The campus is a different institution from other institutions. A political party can rally around a set of ideas it agrees with. A campus is to promote thinking about ideas. Its job is to help explore ideas, to make people uncomfortable, and have them figure out how they deal with ideas they make find reprehensible, something students will have to navigate for the rest of their adult lives. Maintaining academic freedom, and free speech are essential for the academy to succeed. But there’s a contradiction here. You want everybody on campus to be able to say what they think, to try out ideas, and as I said to be wrong, but sometimes people will hear things that cut into their core, and they may not want to fully participate in the academy because of that. If an environment on campus becomes toxic, there’s a problem. I worry and I suggest, we should all worry, when there are instances of Jewish students who feel they have to think twice about wearing a religious item, or the pro-Palestinian students have to worry if they’re going to end up on a blacklist like that of Canary Mission, which says they should never be employed, or faculty on both sides having their ability to research, to think and to teach affected. The University must make sure that students and faculty are not bullied, harassed or discriminated against, it’s not their job to protect them from ideas.

What I’m arguing for today is a consistent principle that upholds academic freedom and free speech, regardless of our political or communal passions. So I think it’s important to put this into context for the same reason I will outline in a minute about why I’m so opposed to using the definition as a hate speech tool, I also oppose other challenges to academic freedom and free speech on this debate, including blacklists on either side. I oppose the boycott of Israeli academic institutions. I know some say, ‘well, it’s just of individuals,’ ‘It’s not of the individuals, it’s of institutions’, that’s just not possible. It’s like saying the time of COVID I’m gonna boycott a hospital, but not a doctor, academics and their institutions are intrinsically connected. The problem with the idea of an academic boycott is that the [role of the] academy again is to explore ideas and ideas should not be segregated because of the nation where scholars may be based. I’m against the shouting down of pro-Israel speakers, which happens from time, because that denies the ability of people to hear what the speaker says. I’m against threats against faculty, you have a pro-Palestinian view, or a pro-Israel view from inside or outside the Academy, and that happens too often. I’m against the anti-normalization rubric that prohibits discussion, because ‘why would have why would one have a discussion with a Nazi equivalent?’, or on the flip side in the United States on the campus, the Hillel guidelines that prohibit discussion with BDS proponents, for a similar reason, they say, ‘you know, this is a Nazi equivalent, why would we have discussions with them’.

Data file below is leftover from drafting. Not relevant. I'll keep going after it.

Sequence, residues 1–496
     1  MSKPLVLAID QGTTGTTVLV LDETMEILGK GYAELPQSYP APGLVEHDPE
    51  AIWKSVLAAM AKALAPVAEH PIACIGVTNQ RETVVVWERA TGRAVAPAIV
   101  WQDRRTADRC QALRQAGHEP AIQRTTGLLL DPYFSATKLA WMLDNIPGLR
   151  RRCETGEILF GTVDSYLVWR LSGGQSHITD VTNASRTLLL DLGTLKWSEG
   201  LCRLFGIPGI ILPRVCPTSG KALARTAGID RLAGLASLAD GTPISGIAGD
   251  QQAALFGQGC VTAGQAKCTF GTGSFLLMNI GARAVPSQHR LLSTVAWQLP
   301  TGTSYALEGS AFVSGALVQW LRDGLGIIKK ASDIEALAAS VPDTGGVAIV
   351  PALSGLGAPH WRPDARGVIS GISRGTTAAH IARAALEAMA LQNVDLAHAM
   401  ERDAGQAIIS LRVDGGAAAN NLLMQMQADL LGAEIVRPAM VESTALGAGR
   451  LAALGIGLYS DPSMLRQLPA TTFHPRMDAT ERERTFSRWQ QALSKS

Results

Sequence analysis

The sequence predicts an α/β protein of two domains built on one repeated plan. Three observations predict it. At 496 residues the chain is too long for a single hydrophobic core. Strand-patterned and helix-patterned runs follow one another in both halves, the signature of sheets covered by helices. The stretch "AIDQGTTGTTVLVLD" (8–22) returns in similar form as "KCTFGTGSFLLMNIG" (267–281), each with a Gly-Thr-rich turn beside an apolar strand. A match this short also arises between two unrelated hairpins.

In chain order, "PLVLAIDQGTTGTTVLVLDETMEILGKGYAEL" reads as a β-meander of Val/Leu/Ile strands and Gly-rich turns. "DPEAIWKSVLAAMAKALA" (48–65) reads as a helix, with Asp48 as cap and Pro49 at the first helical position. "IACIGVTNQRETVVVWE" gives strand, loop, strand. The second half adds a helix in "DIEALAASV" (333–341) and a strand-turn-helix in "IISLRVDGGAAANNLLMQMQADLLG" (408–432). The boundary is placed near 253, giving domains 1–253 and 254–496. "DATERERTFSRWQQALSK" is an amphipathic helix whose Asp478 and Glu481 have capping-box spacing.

I’m also concerned when faculty prioritize their own political views over student interests, such as refusing to write letters of recommendations to study in Israel. I think that’s bad teaching. Students interest and their opportunity to learn come first. For those same reasons I see in the working definition is an attack which I will go into in a minute on free speech and academic freedom. But I think you have to be consistent on both sides. Now, I’ve had some friends in the UK, who I respect in the mainstream Jewish community tell me that they want IHRA imposed, because, “ it makes Jewish students feel that the university has their back.” “Feel”. When they said that they reminded me of some discussions I’ve had with American academics of why they support the academic boycott, because they’re at their wit’s end about what to do about things that they have problems with Israel, and they feel a need to do something. I understand both feelings. But I think in both instances there, people are being blind to the things that can actually have an impact on the campus and are more attracted to simple solutions. There are things to do and I have a whole chapter in my book, and we can discuss those things towards the end.

The problem with the imposition of a definition of a hate speech code, like IHRA, is being used is that it’s too easy in approach. As I said, it blinds us to other things that are much more important to do. It’s really harmful, I think, when we’re talking about antisemitism, to have a whole discussion about campus antisemitism reduced to whether there should be IHRA or no IHRA. It’s like the old saying that when the only tool you have is a hammer, everything looks like a nail. When I was at the American Jewish Committee, I trained 200 college presidents and how to deal with campus bigotry. This is before IHRA or the working definition was anybody’s thought. But the one common denominator for dealing with any type of campus bigotry is that everything that has to be done, should ideally promote and at least not harm academic freedom, otherwise it won’t work. Of all the things that I’m alarmed about with the attack on academic freedom and free speech on campus, the thing that alarms me the most is when instruments of state are being used to chill or suppress speech. So let me tell you why I’m concerned about the use of the definition and give you a little bit of background of the history.